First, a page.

BRUSSELS (Reuters) – Euro zone retail sales plunged more than expected in June as prices at factory gates continued to rise, data showed on Wednesday, signalling a weakness in consumer demand that could herald a recession in the second half of the year.
The European Union’s statistics office Eurostat said the volume of retail sales in the 19 countries sharing the euro, already adjusted for inflation, fell 1.2% month-on-month in June for a 3.7% year-on-year decline.
Economists polled by Reuters had expected unchanged monthly sales and only a 1.7% annual fall.
The drop in retail sales, a proxy for consumer demand, comes as producer prices rose 1.1% month-on-month in June for a 35.8% year-on-year surge, Eurostat said, signalling more upward pressure on consumer inflation and downward pressure on demand.
While the euro zone economy grew more than expected in the second quarter, economists said the expansion was likely to have been the last hurrah before a likely recession in the second half of the year.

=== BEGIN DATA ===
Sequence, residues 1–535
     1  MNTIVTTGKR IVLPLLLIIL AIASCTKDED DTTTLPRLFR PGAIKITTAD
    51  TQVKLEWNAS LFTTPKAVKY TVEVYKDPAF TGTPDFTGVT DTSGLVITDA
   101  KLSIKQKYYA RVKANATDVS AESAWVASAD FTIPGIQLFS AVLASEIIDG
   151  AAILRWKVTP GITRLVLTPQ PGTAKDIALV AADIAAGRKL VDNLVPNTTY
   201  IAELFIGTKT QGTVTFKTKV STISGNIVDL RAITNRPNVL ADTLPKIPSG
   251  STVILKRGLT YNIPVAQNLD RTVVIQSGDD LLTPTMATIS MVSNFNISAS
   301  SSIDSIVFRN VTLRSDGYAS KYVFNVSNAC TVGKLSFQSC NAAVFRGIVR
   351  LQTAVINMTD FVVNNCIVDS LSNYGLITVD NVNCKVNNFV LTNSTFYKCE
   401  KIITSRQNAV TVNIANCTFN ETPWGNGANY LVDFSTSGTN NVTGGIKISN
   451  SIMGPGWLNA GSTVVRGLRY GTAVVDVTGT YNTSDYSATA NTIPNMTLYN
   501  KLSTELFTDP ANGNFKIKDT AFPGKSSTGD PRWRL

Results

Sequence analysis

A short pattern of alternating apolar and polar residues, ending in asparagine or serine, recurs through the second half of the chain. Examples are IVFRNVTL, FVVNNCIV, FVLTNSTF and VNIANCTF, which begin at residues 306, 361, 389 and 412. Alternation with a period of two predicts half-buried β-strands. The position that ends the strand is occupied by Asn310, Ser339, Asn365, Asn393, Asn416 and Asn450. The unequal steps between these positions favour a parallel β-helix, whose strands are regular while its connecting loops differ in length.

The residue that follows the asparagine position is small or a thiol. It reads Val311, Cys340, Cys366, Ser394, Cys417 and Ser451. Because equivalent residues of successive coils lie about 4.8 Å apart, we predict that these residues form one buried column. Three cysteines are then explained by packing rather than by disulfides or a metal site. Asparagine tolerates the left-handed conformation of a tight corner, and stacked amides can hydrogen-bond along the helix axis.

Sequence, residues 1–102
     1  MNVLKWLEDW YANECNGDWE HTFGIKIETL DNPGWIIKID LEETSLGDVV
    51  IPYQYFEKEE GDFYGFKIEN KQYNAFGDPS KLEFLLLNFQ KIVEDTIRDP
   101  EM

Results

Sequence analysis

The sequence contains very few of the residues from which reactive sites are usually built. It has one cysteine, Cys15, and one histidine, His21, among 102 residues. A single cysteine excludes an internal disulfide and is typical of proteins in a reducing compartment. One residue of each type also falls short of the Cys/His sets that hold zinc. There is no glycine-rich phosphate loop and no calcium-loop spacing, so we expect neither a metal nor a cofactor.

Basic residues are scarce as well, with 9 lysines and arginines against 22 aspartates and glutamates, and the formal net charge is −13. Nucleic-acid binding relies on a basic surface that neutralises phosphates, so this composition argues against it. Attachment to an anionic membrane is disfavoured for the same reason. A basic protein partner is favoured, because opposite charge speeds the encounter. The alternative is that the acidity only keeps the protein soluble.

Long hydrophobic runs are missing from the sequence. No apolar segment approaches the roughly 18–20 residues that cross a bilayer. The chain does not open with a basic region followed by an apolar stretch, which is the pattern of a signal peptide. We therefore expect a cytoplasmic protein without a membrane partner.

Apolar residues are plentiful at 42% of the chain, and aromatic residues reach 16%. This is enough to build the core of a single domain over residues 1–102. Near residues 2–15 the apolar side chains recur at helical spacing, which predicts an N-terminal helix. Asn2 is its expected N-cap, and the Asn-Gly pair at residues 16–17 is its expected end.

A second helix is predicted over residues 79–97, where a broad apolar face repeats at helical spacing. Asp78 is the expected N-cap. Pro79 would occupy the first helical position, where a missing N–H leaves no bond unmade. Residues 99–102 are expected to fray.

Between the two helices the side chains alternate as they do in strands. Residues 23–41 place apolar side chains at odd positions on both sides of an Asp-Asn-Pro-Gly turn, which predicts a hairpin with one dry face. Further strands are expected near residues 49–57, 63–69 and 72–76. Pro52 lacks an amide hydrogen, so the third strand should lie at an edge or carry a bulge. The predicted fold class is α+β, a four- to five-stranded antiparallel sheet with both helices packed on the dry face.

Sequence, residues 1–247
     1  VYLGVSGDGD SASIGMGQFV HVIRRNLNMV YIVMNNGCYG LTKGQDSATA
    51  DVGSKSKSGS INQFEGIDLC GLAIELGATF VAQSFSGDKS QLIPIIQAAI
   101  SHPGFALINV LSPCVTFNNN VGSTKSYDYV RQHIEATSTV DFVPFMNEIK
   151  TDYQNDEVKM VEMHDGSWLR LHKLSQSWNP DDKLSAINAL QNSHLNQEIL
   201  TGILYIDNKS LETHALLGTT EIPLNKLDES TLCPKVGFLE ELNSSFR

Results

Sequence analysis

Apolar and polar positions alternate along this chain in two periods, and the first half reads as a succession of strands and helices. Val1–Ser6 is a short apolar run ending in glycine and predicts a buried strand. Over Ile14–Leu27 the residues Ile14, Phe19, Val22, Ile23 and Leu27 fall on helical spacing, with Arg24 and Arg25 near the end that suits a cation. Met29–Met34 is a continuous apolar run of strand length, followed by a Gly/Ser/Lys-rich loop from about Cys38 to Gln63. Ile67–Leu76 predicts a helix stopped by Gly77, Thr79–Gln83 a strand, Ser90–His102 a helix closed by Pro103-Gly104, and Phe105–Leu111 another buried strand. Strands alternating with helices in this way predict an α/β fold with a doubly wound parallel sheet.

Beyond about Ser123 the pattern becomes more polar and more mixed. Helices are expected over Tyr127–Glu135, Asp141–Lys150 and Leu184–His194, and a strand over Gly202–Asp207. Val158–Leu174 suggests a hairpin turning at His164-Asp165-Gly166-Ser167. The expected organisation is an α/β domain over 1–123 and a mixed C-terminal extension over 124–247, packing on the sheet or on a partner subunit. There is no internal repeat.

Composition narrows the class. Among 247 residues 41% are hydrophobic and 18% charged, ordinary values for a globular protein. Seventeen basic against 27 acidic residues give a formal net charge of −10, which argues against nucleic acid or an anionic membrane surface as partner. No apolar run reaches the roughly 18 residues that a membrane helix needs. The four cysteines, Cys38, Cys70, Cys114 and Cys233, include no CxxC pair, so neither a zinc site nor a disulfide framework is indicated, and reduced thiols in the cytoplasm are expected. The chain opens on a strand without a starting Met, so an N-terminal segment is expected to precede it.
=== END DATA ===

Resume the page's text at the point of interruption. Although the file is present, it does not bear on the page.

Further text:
They said the economy would suffer because of the surging prices, fuelled mainly by high energy costs caused by Russia’s invasion of Ukraine, and global supply chain problems.
Eurostat data showed that energy prices in June were almost double compared to 12 months earlier, but even if they were excluded, producer prices were still 15.6% higher year-on-year in June, a rise that is bound to affect consumers’ purchasing power.
The biggest drop in retail demand was for non-food products, except car fuel, especially via mail orders and internet where they plunged 12.5% year-on-year, Eurostat said.
Germany, Europe’s biggest economy, showed the steepest drop in retail sales of 8.8% year-on-year, with the third biggest Italy also showing a decline of 2.8% in annual terms. Second biggest France still managed a 0.6% year-on-year rise.
Retail sales also dropped 6.1% year-on-year in the Netherlands, 4.8% in Austria, 8.8% in Ireland and 4.5% in Finland.
(Reporting by Jan Strupczewski)